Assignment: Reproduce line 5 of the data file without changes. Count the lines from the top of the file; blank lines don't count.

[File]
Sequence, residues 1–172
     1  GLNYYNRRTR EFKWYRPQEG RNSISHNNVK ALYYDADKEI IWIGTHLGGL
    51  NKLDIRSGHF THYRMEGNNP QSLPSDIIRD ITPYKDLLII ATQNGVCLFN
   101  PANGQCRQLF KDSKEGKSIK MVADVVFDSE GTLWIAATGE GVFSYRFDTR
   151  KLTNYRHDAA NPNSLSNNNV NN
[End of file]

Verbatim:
   151  KLTNYRHDAA NPNSLSNNNV NN